In fact, the first-person stories of young girls and a boy traumatised by years of sexual exploitation were so gut-wrenching that Verma and his two colleagues broke down and wept.
Verma, former Himachal Pradesh high court chief justice Leila Seth and former solicitor-general of India Gopal Subramanium were so moved by the horrific tale of sexual and mental exploitation narrated by a young girl, one of the many who personally appeared before them, that they gave her about Rs 1.5 lakh.
“We gave the money so that she could try and rebuild her life. After hearing her story, all three of us wept... such was the feeling of helplessness that we had,” Subramanium told The Indian Express. “Do you know that not only had she been sexually exploited repeatedly, she had also not been paid any wages by the people at whose home she was working? Where is our sense of justice? What about her rights?”
During the sittings, the committee interacted with many rape victims and children who were victims of trafficking and forced drug-abuse and their testimonies form part of the report submitted to the home ministry.
“We had to understand the trauma that rape victims undergo and that is why we interviewed some of them. After talking to them, I felt that the law in India had failed. I said sorry to them,” he said.
Subramanium also disclosed that the three members came “very close” to recommending death as punishment for rapists. But all three decided against doing so, instead recommending 20 years imprisonment or life imprisonment until the “rest of that person’s natural life”.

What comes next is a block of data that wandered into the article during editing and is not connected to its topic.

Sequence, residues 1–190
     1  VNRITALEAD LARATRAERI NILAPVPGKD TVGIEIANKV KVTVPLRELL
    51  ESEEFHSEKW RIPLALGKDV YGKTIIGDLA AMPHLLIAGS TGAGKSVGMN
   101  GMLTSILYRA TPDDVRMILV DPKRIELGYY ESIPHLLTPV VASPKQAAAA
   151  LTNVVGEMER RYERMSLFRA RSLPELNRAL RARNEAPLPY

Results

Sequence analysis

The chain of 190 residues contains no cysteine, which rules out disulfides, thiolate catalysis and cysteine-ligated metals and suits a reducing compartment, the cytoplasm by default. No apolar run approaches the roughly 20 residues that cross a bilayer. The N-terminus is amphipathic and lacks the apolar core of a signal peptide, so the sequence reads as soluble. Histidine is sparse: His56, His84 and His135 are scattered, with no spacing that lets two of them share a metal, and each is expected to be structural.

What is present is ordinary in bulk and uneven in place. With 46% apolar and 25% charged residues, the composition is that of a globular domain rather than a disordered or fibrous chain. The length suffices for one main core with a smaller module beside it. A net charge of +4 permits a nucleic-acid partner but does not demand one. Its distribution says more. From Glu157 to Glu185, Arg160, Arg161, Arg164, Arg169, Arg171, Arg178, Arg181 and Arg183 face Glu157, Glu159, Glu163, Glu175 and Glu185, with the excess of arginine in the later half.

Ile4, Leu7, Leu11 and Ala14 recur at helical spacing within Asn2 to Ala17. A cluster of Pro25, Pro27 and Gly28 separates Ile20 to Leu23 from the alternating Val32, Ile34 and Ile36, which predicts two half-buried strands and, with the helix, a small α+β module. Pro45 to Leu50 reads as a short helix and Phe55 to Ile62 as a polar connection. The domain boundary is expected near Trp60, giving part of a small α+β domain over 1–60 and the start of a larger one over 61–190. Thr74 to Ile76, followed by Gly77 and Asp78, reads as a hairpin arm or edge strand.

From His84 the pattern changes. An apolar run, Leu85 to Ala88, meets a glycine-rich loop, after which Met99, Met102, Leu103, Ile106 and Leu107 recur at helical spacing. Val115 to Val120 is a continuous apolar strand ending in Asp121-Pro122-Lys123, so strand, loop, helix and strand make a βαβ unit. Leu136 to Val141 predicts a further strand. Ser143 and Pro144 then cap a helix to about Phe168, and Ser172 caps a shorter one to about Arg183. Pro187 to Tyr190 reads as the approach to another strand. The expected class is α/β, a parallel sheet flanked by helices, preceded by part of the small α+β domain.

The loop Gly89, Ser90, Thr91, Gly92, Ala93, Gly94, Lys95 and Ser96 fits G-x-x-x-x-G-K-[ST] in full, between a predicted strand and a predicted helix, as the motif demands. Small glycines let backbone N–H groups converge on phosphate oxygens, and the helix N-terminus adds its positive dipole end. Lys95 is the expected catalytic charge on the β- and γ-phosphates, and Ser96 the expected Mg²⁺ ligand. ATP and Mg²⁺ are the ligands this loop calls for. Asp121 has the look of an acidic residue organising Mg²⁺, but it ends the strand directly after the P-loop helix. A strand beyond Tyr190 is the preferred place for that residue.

The panel chose not to heed to the clamour for sentencing rapists to death following strong opposition to it by women’s organisations, with most women’s rights activists favouring imprisonment for 14 years as punishment.
“During our discussions, we came very close to looking at death. But, there was substantial opinion from the women’s organisations,” the former solicitor-general said.
Subramanium also said that 63 years after India became a republic, it was “shameful and distressing” that women don’t feel secure enough to walk alone in the streets. “Sometimes I wonder what kind of modern, powerful nation we talk about? I think we must openly acknowledge that we have failed the women. Aren’t their rights guaranteed under the constitution? Are they lesser citizens than their male counterparts? Despite so many laws, I feel we have failed women,” he said.
“While taking to the women, we realised the biases that our women have to undergo on a daily basis, starting with the bias against being born a girl to being held responsible for being molested or abused. It is invariably held to be the woman’s fault. Why should we have such a situation?” he asked.